Governance in Meghalaya: A Chaos
By Batskhem Mawlein
Hello fellow citizens, let’s think together about the issue of governance in the state. To begin with, what is of significance is who we are? Why are we silent? Are we OK? Where are we heading? What will be the future of the youth? Will the government be responsible?
Since the beginning of the MDA government led by NPP, the ordinary people of the state became the victim of its multifaceted ideologies of blaming others for whatever happened. The people are dissatisfied, making them awake from silence to react with resentment on the variety of malpractices in governance against those who have given them power. The time has come for people of the state to realize the victimization they are subjected to. Now theye are ready to move out of their comfort zones to unite, struggle, and fight together to get their rights, justice, and freedom as enshrined in the Constitution of India. If the government had failed people from time to time, it could not be considered the sole source of every decision. We believe people are the sole authority in any decision about human affairs. If the government misused its given power, the people have every right to protest against it in response to its wrong moves.
In governance, corruption is often considered one of the most unethical actions, and it has become the legitimate activities of many, if not all, in the present scenario. Corruption’s inherent basis weakens practically all of a free democracy’s procedures and aims while creating a high level of resentment among the poor; it disturbs the peace and creates confusion among the government and residents. Corruption in the government sector is strongly linked to a lack of stability during changes. But despite MDA’s strength, corruption is widespread in the present government. It leads to painful circumstances as few researchers in social sciences, Tanzi, Kaufman, Wei, Goel, and Nelson have asserted. Their contention is that bureaucratic nightmares, government interference in the financial sectors, restrictions, and licensing allows the officers to check the economic activities to form a monopolistic power. It is discovered that the size of local public expenditure reflects the deteriorating position of the government. Although, it shows that socio-economic and cultural factors play a role in the extent of corruption in the public sector.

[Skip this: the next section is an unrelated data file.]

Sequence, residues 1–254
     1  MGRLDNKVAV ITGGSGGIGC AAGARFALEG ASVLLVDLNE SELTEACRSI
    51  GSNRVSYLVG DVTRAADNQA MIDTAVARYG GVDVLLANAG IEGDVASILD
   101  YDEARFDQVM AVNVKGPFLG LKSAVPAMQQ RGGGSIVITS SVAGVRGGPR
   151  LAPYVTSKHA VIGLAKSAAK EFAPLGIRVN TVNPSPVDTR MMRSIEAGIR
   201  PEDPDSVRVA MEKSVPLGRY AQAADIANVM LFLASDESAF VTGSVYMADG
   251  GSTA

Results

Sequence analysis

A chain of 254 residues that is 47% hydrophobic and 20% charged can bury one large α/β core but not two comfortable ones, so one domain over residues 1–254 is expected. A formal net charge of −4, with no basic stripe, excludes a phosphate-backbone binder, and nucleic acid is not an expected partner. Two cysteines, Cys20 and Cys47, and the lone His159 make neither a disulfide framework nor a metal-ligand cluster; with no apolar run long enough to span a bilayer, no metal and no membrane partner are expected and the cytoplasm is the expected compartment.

Another problem with Meghalaya is that business people entering politics have disfigured politics’ striking symbol, representation, and meaning. There would be a purpose why so many saloons in the Wild West stated “no-politics” as a rule set: they didn’t appear to have a blended combination like oil and water. The same might be true about businesses and their owners’ and political parties in the state. For instance, there was a widespread catchword when Trump lost the election in the recent past, “Trump’s leaving office now – and businessmen are leaving him. Can his toxic brand survive?” Perhaps, this is not what Trump had in mind when he stood for President of the United States. It would be the best lesson to learn about mixing politics and business from the West. Consequently, the business owner might fail, lose clients, reduce their fortune, and result in “market failure” and “state failure.”